Introduction Loudness perception is considered important for the perception of emotions, relative distance and stress patterns. However, certain digital hearing devices worn by those with hearing impairment may affect their loudness perception. This could happen in devices that have compression circuits to make loud sounds soft and soft sounds loud. These devices could hamper children from gaining knowledge about loudness of acoustical signals.
Objective To compare relative loudness judgment of children using listening devices with age-matched typically developing children.
Methods The relative loudness judgment of sounds created by day-to-day objects were evaluated on 60 children (20 normal-hearing, 20 hearing aid users, & 20 cochlear implant users), utilizing a standard group comparison design. Using a two-alternate forced-choice technique, the children were required to select picturized sound sources that were louder.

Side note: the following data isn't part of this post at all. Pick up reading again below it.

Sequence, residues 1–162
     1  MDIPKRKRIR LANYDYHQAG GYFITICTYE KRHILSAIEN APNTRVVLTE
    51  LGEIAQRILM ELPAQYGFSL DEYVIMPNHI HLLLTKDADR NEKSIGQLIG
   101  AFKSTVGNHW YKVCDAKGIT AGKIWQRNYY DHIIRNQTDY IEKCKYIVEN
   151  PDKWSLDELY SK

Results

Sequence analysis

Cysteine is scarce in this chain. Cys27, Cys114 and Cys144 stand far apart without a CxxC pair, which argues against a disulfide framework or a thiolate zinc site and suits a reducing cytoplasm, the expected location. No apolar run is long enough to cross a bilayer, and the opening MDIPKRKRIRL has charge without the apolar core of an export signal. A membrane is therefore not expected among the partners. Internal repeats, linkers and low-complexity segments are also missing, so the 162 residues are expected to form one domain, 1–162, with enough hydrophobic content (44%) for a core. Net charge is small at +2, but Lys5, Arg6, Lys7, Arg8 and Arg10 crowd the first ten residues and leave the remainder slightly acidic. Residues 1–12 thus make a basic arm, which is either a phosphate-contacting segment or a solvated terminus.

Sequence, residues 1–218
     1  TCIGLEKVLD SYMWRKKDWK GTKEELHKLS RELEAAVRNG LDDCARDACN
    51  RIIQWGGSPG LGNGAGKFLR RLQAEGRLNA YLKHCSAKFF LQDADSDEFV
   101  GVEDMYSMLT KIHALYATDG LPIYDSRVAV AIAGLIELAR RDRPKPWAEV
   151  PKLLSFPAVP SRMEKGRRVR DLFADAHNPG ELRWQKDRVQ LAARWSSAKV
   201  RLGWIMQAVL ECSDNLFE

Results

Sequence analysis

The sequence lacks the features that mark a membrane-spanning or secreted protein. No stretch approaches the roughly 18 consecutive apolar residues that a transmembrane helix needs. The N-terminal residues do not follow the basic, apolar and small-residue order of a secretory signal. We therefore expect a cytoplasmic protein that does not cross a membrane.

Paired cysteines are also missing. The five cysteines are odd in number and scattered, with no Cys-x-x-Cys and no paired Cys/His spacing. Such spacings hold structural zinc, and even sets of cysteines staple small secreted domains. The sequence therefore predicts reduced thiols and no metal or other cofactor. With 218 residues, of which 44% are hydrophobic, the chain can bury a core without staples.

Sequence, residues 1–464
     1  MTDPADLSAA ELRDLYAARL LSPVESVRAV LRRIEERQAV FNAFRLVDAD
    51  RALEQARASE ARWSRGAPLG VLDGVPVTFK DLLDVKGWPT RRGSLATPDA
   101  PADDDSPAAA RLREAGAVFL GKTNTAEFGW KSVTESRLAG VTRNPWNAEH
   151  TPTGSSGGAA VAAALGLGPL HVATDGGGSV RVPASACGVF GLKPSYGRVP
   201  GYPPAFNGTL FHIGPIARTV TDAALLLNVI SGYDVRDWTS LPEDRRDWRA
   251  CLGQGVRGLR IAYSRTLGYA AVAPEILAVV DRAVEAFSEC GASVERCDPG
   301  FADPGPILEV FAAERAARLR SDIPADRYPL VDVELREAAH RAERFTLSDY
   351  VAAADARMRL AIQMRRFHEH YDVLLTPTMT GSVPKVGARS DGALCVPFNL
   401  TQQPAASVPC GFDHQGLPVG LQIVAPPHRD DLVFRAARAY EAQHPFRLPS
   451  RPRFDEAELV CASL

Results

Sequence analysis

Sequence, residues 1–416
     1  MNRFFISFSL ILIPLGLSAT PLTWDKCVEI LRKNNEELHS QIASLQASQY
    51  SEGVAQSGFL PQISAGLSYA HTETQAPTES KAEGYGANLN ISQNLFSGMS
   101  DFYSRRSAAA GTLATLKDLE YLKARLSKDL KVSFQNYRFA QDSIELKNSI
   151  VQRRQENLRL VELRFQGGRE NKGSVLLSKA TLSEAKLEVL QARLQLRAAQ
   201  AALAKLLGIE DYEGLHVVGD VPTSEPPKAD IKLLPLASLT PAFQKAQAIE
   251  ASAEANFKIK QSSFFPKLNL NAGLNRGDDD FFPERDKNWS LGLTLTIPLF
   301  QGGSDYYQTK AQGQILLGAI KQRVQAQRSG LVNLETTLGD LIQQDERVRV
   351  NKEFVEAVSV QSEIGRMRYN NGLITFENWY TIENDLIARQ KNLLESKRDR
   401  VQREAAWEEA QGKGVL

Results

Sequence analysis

Results The majority of the participants obtained good scores and poorer scores were mainly obtained by children using cochlear implants. The cochlear implant users obtained significantly lower scores than the normal-hearing participants. However, the scores were not significantly different between the normal-hearing children and the hearing aid users as well as between the two groups with hearing impairment.
Conclusion Thus, despite loudness being altered by listening devices, children using non-linear hearing aids or cochlear implants are able to develop relative loudness judgment for acoustic stimuli. However, loudness growth for electrical stimuli needs to be studied.